Last week I discussed profile writing as an alternative to just printing a regular interview. This week, I want to take that a step further and discuss writing a profile as a life story. Writing a life story might seem a bit daunting, but if you have the right outline you can stay on track and create an original, interesting article. The outline we are going to use is the “Hero’s Journey” or monomyth.
The Hero’s Journey is a storytelling format originally identifed by Joseph Campbell, but one that is as old as stories themselves. Once you are familiar with the pattern, you will realize that it applies to many stories you already know, from the fictional Star Wars to the true story of Abraham Lincoln. As a blogger writing a profile, you will find that you can follow the Hero’s Journey for many of your subjects.
In a fictional Hero’s Journey, you can write and arrange your characters in whatever way best works with the pattern. As a blogger you will be writing about real individuals and so you can only outline your story in this format if you have enough information to track a Hero’s Journey at some point in your subject’s life. It will not work for every person you interview because some people just do not share the type of information you need to follow their journey. But when it does, you will end up with a solid and unique profile that hooks your readers and, if you study the process carefully, can really highlight your writing ability.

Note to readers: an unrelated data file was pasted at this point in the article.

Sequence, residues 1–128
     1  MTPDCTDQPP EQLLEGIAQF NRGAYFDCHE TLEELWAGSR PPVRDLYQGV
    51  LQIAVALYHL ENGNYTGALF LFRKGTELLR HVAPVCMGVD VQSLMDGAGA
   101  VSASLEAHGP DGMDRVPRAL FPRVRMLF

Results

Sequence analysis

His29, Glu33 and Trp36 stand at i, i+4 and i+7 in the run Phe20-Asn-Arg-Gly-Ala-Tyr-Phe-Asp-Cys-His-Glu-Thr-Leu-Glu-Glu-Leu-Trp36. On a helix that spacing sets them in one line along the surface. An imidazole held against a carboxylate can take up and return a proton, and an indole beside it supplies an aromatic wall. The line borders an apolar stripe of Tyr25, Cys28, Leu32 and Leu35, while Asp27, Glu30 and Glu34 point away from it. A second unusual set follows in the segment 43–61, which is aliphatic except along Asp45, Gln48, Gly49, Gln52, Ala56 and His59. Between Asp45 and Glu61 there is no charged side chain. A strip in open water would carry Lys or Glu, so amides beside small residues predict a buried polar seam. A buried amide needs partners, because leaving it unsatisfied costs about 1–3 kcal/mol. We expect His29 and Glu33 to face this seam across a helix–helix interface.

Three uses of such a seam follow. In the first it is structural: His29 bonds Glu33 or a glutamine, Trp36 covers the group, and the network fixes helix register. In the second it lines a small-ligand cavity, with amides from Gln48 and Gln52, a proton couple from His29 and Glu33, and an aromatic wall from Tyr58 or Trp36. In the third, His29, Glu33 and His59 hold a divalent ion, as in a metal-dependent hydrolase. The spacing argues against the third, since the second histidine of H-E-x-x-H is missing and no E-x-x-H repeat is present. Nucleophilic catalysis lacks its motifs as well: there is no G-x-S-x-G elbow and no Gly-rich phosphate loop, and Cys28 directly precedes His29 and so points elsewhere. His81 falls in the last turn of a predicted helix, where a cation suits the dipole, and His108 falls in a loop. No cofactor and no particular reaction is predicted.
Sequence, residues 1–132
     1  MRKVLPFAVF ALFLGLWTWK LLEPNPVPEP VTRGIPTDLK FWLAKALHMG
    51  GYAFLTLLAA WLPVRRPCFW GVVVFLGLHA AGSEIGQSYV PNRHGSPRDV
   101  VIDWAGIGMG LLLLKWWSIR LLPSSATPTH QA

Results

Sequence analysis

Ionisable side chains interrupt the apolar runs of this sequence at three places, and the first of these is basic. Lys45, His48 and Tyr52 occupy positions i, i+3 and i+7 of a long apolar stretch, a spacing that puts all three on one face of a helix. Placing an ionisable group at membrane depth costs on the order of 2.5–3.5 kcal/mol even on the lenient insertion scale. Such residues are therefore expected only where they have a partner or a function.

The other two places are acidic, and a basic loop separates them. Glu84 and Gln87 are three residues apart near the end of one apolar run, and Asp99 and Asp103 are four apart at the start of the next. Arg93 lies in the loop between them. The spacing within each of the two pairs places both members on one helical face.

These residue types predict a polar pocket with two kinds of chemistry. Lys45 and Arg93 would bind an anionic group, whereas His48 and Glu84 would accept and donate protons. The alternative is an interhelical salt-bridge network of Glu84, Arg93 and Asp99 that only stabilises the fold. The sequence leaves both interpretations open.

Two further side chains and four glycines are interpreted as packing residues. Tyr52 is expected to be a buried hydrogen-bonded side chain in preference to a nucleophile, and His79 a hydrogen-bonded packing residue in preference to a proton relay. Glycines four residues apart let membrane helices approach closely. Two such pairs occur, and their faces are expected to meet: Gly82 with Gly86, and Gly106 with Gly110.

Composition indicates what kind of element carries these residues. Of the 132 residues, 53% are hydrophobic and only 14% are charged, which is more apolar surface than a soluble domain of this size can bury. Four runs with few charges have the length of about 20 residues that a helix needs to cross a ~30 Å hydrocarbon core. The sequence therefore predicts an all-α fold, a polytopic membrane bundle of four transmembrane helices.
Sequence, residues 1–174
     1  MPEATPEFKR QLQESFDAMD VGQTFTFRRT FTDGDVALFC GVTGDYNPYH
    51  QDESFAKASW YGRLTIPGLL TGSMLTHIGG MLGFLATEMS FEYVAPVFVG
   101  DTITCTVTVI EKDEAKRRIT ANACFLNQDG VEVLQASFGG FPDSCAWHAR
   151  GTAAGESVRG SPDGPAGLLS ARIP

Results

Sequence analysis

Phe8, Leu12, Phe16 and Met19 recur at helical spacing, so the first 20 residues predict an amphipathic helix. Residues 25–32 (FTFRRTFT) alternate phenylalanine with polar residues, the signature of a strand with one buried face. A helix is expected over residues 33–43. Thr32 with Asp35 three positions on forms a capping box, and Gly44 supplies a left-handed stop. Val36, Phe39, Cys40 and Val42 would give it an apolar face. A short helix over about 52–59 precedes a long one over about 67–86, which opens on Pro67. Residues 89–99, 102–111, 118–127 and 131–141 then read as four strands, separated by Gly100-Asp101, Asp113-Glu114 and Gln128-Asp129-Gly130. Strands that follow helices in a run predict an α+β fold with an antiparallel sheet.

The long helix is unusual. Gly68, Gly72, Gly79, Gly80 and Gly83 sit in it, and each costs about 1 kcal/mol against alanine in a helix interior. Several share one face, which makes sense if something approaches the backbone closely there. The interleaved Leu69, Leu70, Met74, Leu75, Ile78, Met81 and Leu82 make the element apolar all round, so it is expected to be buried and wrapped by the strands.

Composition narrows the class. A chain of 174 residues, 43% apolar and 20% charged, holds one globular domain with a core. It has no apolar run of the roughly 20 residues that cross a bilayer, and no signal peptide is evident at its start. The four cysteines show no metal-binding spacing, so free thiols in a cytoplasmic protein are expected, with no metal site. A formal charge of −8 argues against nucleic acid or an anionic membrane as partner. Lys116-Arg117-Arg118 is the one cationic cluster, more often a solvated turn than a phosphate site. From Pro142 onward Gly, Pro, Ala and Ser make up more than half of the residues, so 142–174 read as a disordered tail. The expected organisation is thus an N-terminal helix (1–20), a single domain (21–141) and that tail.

The Hero’s Journey is essentially a process of Separation, Initiation and Return. These three sequential occurences are further broken down into somewhere between 8 and 12 steps. As you can already tell, this pattern gives you a clear outline with which to work and you will know very quickly if it can be applied to your subject or not. Here is a brief overview of the eight basic steps:
Step One: The Call
The call is an invitation into the unknown. The unknown can be either physical or spiritual. Physical calls may take the hero away from family, place him* in a strange land and/or overcome a hardship or constriction. Spiritually, your subject may have felt trapped, out of place or like she just did not “fit” anymore. A call can come gradually or be sparked by some sort of crisis or sudden change.
Step Two: The Threshold
The threshold is the line between the known and unknown. This is the point at which the hero must decide whether or not to accept the call, knowing that he will not be able to turn back after making the choice.
This is also the place in the story at which helpers first appear. In fiction, helpers often bring divine gifts to aid them in the challenges to come. However less magical they may be, helpers are just as important in a “real-life” monomyth. Mentors and guides are the most important types of helpers as they usually provide knowledge or focus that the hero would not otherwise have had. In both fiction and in our own lives, helpers tend to show up when we need them. Carl Jung called this synchronicity.
Step Three: The Challenges
Whether outward (physical) or inward (spiritual, psychological), the challenges faced on the Hero’s Journey are menat to build maturity, skill and confidence. As the journey progresses, the challenges generally increase in difficulty. Temptations are some of the greatest tests on the journey, usually brought by someone attempting to pull the hero away from his path. The hero must face the temptations and deny them to continue on the journey.